“Today’s report shows that the GDP grew by $190.1 billion at a 2 percent rate in the third quarter. There’s only one problem. $38 billion of that, or 20 percent, was an increase in government spending. That means without government included, the private sector only expanded by a tepid 1.6 percent. This is the best the Obama economy can do: increase government spending, meanwhile the private economy continues to flounder. Continue reading

WA State to spend $1.5 billion for fish culverts?

from Pearl Rains-Hewett
Posted 8/14/2012
Another federal judge is presiding over a Tribal lawsuit to enforce the state’s obligation to actively protect fish habitat.
The cost to implement repairs and provide fish with a smooth and unobstructed water flow may exceed $1.5 billion. (cost estimate in 2007-2009?)
The Tribes want the culverts fixed within two decades, but WA State lawyers say that would cost $165 million every two years (cost estimate in 2007- 2009?) — 10 times what the state spends fixing culverts now. The state’s alternative plans wouldn’t likely change the costs, but the work would take 50 or more years to complete.  Continue reading

Five major ObamaCare taxes that will hit your wallet in 2013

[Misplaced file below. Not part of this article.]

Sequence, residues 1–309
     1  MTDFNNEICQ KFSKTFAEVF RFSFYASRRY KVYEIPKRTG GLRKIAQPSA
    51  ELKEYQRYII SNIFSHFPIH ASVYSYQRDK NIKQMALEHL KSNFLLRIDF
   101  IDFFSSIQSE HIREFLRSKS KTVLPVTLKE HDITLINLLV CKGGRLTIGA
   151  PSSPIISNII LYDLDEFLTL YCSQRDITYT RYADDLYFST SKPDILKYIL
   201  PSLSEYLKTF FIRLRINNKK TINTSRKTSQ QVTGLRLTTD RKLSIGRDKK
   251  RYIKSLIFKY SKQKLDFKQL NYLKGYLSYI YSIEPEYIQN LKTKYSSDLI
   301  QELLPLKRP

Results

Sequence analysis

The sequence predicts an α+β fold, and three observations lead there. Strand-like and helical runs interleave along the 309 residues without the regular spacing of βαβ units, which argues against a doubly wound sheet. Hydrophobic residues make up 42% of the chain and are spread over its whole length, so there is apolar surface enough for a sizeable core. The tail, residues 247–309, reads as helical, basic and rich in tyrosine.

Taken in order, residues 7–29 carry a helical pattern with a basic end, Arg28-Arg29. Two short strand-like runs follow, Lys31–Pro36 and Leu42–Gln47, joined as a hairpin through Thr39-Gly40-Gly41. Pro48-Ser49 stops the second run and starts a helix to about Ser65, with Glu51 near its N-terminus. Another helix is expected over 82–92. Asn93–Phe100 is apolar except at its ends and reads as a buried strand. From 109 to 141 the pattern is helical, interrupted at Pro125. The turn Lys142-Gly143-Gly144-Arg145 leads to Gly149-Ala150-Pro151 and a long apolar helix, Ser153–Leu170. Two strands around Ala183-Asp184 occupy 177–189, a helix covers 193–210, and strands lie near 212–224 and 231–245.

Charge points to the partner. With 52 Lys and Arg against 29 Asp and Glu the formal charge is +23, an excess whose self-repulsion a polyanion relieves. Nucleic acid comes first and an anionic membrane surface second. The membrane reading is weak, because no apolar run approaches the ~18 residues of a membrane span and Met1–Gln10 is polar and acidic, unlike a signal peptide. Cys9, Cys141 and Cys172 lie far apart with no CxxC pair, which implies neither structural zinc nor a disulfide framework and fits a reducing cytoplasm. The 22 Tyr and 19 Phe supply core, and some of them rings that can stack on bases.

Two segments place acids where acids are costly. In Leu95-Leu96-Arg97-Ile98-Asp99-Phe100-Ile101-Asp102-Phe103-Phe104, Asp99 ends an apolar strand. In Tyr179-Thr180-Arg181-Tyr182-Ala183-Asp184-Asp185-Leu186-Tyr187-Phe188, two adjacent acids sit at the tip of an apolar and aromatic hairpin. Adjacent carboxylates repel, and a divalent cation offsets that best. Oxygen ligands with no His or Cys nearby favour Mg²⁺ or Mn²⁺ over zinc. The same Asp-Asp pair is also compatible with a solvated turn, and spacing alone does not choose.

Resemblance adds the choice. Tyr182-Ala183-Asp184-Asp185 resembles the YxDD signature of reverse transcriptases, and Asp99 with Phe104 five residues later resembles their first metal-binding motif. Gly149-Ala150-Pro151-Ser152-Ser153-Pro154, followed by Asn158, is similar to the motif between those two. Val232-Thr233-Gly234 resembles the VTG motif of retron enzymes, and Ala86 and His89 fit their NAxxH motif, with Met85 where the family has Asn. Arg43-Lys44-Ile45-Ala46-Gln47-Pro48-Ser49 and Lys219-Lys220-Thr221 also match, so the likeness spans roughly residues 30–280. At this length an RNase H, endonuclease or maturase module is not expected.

Fox News

Posted July 5, 2012

While the individual mandate tax gets most of the attention, the ObamaCare law actually contains 20 new or higher taxes on the American people. These taxes are gradually phased in over the years 2010 (with its 10 percent “tanning tax”) to 2018 (when the tax on comprehensive health insurance plans kicks in.)

Six months from now, in January 2013, five major ObamaCare taxes will come into force:

1. The ObamaCare Medical Device Manufacturing Tax

This 2.3 percent tax on medical device makers will raise the price of (for example) every pacemaker, prosthetic limb, stent, and operating table. Can you remind us, Mr. President, how taxing medical devices will reduce the cost of health care? The tax is particularly destructive because it is levied on gross sales and even targets companies who haven’t turned a profit yet. Continue reading

North Dakota voters to decide on abolishing property tax

By Dennis Cauchon,

Posted June 13,2012

North Dakota voters will decide Tuesday on the ultimate tax revolt: abolishing the property tax altogether. A citizen-led petition drive has put the daring, all-or-nothing proposal before the voters in a state flush with tax revenue, jobs and prosperity generated by an oil boom.